CommonLit Informational Texts to Help Students Build Background Knowledge Around Current Events (And Support Reading Comprehension Skills!)

Student curiosity can lead them to explore all kinds of things - even current events! That’s why we created a round-up of current event articles from our digital literacy platform to help build student background knowledge around popular events, topics, and stories. From COVID-19 to cybersecurity to technological advancements, we have plenty of current event articles to help build excitement and knowledge around newsworthy topics.

Whether you’re new to CommonLit or deeply familiar with our digital literacy platform, you’re sure to find a useful and engaging informational text with current events lesson plans to help your students make sense of this news’ biggest topics and develop stronger reading comprehension skills.

For Elementary Teachers

Highlight Changes in the Technology Industry

Provide students insight on how technology continues to innovate by focusing on many students’ favorite aspect of technology: video games. Read Melissa Hart’s interview, Courtney Craven: Gamer and Disability Activist” (5th grade), and examine Craven’s work to make video games more accessible for those who are Deaf or hard of hearing.

After reading this news interview, discuss the importances of representation with Discussion Question 3, “Why do you think it is important for people to be able to see themselves in public figures?” Then, use the question to launch an extended writing response, “Describe someone famous that you look up to and relate to. Why do you like them and how does it make you feel to have something in common with them?”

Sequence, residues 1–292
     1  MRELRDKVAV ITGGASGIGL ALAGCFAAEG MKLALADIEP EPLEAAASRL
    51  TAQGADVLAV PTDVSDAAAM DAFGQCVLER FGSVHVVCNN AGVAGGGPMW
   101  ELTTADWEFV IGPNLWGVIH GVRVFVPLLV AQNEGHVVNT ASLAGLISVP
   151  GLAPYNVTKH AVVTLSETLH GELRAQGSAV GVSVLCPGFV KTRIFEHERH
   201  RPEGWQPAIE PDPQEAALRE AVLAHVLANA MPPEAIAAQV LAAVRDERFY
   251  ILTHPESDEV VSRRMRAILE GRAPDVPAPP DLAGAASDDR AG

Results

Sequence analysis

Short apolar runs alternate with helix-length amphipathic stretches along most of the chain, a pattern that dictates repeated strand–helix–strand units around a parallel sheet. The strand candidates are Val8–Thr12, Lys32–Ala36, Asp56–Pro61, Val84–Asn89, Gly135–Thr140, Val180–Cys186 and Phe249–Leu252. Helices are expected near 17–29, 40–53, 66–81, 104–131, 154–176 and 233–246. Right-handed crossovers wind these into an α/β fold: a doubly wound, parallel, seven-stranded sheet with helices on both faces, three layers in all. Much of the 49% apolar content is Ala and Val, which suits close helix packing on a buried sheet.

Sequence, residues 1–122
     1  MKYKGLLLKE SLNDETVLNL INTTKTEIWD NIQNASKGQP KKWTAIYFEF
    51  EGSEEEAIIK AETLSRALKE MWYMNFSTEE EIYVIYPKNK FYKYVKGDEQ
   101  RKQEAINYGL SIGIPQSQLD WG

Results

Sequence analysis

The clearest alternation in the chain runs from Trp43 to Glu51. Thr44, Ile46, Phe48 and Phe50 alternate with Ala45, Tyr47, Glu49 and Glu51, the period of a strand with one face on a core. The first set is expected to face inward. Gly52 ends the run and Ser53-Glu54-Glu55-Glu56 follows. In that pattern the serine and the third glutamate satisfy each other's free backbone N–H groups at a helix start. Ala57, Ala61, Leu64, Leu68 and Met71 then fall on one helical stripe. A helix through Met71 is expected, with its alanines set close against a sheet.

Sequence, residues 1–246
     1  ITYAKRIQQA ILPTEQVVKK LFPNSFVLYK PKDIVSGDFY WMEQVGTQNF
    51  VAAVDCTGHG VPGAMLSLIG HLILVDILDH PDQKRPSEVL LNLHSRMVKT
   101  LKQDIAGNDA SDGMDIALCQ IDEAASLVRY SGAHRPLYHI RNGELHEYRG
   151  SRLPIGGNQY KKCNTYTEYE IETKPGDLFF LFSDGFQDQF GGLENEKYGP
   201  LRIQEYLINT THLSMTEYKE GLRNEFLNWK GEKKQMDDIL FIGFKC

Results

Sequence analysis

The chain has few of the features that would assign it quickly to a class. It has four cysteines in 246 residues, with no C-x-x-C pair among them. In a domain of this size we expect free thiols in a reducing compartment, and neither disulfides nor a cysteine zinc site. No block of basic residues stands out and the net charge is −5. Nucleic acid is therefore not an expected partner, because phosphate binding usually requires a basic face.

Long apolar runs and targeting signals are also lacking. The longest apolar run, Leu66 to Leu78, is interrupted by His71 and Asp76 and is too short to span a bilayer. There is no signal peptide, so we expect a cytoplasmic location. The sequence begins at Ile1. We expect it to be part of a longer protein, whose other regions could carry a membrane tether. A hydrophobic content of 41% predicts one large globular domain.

Build Background Knowledge about Voting

Every year is a big year for the polls. Engage students around current elections with these informational texts that will build background knowledge about the democratic process:

Make sure you explore the Related Media tab for great resources like “Keke Palmer Explains the History of Voting”. Each resource comes with discussion questions to connect what students see with the text. This video asks students, “Based on the video and the text, what are some ways the United States could make voting even more fair?”

Discuss Innovations in Epidemiology as a Result of COVID-19

Read the informational textDisease Detectives” by Jacqueline Pratt-Tuke (5th grade). Not only is this news article great for teaching students about the work of epidemiologists and how their roles have changed over the past three years, it’s also a great text for teaching about key details and main ideas!

Want more focused practice on finding and supporting main ideas? Check out our Target Lessons! Not sure what those are? Learn more in one of our webinars!

For Middle School Teachers

Highlight Sports’ Biggest Headline Makers

Whether your students are sports fanatics or casual viewers, they’ve probably heard of the one and only Tom Brady. Training The GOAT” by Jacqueline Pratt-Tuke” (6th grade) details the training methods used by Brady that have spurred both praise and critique.